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Welcome to English at Warwick

Hi to everyone joining us in September 2021!

To help you get a sense of what to expect when you join us later in the year, your tutors in English and Comparative Literary Studies have put together some recommendations for summer reading. We know you're excited to start your new degree and discover a whole world of new writers and writing. Most texts listed here are easily accessible online; you don't have to read all of them, but you might choose a few to get on with before you join us here at Warwick in September. We're really looking forward to meeting you then.

English Literature

Below are some recommendations for those starting on our English Literature degree this September.


In term 1 you'll be reading Johann Wolfgang von Goethe's Faust (Part One) on your module 'Modern World Literatures.'

If you want to read some other plays, or find out more about studying them, we recommend these:

Novels and essays

You might want to read Joseph Conrad's Heart of Darkness , Mary Shelley's Frankenstein, or Natsume Sōseki's Kokoro , all of which are set texts on Modern World Literatures. Or maybe tackle George Eliot's Middlemarch (a set text on 'Epic into Novel') or Ngugi wa Thiongo's A Grain of Wheat, also on 'Epic into Novel'.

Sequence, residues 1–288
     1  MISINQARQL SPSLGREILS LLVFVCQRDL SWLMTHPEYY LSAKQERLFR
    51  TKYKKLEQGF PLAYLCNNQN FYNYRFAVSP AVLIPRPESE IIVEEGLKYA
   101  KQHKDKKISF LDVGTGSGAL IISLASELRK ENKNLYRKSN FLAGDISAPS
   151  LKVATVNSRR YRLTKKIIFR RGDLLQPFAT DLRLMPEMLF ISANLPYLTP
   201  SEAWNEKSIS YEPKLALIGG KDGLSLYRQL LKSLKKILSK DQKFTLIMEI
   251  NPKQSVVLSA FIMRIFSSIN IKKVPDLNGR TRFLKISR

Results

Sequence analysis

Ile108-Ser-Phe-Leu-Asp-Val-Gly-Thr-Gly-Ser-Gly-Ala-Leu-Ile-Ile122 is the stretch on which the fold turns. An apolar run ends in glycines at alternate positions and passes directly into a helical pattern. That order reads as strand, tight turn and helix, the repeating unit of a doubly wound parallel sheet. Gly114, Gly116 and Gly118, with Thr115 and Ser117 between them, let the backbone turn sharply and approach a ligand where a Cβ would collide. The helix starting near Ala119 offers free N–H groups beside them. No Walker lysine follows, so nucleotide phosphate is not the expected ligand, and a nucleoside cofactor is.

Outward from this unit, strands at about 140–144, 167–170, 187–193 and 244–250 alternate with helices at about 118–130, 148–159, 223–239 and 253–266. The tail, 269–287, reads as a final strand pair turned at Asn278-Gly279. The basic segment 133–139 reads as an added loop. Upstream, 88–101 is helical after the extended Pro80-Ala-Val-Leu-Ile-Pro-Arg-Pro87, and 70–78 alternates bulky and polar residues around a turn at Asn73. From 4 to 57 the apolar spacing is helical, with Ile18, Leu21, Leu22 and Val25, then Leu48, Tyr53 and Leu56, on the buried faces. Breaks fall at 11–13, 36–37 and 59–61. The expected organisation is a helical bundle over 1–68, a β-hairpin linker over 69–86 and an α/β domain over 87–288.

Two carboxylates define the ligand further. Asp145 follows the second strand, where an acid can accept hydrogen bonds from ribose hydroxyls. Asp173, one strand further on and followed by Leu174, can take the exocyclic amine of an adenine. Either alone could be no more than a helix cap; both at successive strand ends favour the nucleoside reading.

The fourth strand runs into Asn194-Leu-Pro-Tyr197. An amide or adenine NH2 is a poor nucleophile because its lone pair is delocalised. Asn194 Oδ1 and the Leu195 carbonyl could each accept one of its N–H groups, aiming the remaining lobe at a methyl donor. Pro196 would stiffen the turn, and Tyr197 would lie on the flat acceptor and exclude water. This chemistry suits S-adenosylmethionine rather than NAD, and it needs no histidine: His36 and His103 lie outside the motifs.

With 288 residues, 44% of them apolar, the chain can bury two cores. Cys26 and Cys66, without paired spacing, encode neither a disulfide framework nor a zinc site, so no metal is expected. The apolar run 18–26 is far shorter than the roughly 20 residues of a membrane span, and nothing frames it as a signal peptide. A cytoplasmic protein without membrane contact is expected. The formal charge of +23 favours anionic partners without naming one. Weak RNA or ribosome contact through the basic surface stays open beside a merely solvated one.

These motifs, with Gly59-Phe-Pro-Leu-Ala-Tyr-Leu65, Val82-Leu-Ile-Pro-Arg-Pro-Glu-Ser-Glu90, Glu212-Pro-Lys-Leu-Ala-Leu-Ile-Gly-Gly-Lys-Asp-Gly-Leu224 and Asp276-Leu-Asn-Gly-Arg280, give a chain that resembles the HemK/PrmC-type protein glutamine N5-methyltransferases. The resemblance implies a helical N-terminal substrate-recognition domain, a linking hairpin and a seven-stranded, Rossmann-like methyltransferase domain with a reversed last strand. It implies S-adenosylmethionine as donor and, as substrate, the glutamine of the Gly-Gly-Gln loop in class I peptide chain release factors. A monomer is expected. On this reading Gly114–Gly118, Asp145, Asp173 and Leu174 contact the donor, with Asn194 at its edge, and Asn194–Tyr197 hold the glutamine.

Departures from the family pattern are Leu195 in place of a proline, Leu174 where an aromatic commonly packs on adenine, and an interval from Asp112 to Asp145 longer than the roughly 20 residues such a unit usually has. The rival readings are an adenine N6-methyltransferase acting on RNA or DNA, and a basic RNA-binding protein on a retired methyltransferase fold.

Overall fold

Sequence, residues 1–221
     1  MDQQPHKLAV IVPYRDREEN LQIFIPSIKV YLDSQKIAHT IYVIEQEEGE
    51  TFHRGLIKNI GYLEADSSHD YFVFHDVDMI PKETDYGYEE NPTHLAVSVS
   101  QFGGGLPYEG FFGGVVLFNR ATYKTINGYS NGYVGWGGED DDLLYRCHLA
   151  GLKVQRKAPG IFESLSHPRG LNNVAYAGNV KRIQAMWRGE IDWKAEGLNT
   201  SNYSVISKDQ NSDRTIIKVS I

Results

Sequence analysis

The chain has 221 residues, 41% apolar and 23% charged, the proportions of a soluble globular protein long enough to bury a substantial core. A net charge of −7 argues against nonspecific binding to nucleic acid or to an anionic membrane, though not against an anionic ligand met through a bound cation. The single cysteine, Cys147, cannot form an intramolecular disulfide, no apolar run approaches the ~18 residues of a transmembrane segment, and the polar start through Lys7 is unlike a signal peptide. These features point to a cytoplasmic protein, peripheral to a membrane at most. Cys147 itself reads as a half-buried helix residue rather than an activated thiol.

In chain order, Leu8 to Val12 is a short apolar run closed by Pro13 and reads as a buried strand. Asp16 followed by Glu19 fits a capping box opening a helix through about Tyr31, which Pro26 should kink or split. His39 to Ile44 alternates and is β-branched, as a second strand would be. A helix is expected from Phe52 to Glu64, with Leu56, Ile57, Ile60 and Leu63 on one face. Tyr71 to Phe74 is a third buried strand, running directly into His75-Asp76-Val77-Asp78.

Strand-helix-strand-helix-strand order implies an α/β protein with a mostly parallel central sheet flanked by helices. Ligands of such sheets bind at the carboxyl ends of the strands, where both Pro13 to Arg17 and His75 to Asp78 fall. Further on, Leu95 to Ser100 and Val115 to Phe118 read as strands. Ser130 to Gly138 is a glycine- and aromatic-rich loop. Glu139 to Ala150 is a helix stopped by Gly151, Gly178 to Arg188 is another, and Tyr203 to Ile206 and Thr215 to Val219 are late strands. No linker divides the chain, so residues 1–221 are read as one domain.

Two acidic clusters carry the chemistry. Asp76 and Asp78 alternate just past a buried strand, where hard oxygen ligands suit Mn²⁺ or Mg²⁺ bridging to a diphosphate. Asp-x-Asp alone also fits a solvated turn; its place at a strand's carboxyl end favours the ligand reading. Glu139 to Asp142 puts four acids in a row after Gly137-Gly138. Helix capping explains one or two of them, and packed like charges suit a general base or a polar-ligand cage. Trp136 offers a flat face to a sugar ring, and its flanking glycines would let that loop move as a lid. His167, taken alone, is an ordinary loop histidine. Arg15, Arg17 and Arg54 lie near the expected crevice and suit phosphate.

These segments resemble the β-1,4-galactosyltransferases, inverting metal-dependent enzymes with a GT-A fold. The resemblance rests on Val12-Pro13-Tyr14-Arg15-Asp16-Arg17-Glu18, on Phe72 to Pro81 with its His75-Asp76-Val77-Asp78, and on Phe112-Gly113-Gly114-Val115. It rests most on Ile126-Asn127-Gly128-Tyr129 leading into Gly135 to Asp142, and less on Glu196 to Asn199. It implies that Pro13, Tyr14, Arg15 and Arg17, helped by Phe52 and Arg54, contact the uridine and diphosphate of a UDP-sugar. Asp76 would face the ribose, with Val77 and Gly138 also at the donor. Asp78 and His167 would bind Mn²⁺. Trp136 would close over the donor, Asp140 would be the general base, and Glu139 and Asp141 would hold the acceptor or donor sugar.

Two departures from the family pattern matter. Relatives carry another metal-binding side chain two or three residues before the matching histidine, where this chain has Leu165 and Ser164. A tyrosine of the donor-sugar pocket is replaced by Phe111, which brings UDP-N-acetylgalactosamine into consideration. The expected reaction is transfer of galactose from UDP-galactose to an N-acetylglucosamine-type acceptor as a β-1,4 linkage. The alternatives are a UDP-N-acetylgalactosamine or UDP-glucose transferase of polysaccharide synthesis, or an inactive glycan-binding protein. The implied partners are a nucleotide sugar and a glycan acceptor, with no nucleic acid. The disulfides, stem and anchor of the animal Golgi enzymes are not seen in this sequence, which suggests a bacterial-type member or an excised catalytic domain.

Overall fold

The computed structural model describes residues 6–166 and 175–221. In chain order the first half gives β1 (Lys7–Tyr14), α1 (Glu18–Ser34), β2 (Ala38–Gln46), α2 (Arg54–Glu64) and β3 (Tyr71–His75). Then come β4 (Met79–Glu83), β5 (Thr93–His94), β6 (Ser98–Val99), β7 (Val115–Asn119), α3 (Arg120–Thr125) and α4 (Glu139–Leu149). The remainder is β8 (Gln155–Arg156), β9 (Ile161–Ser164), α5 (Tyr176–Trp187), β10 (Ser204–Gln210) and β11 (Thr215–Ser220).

We think you'll also like:


In term 1 you will be reading Sir Gawain and the Green Knight on your module 'Medieval to Renaissance English Literature.'

Other poems and readings we think you might like:

English and History

We recommend the following to those starting our English and History degree this year:

Novels and short stories
  • Charles Dickens, A Tale of Two Cities – core text for History & Textuality (first-year core module)
  • Alison Bechdel, Fun Home – core text for History & Textuality
  • Octavia Butler, Kindred
  • Herman Melville, ‘Benito Cereno’ – core text for Writing History (second-year core module)
Online materials

English and Theatre

If you're coming to join our English and Theatre degree, you might want to have a look at John Osborne's 1956 play Look Back in Anger, and Dominic Shellard's critical work British Theatre since the War (Yale University Press, 2000).

You might also enjoy:

  • Cyprus Avenue. A dark comedy about the legacy of sectarian violence in Northern Ireland, filmed at the Royal Court Theatre in London. This is a play that we cover on the second-year core module, Drama and Democracy.
  • The Complete Plays of Oscar Wilde: we recommend The Importance of Being Earnest, An Ideal Husband, Lady Windermere’s Fan, and Salomé.

Cyprus Avenue on screen, Royal Court Theatre

Cyprus Avenue on screen, Royal Court Theatre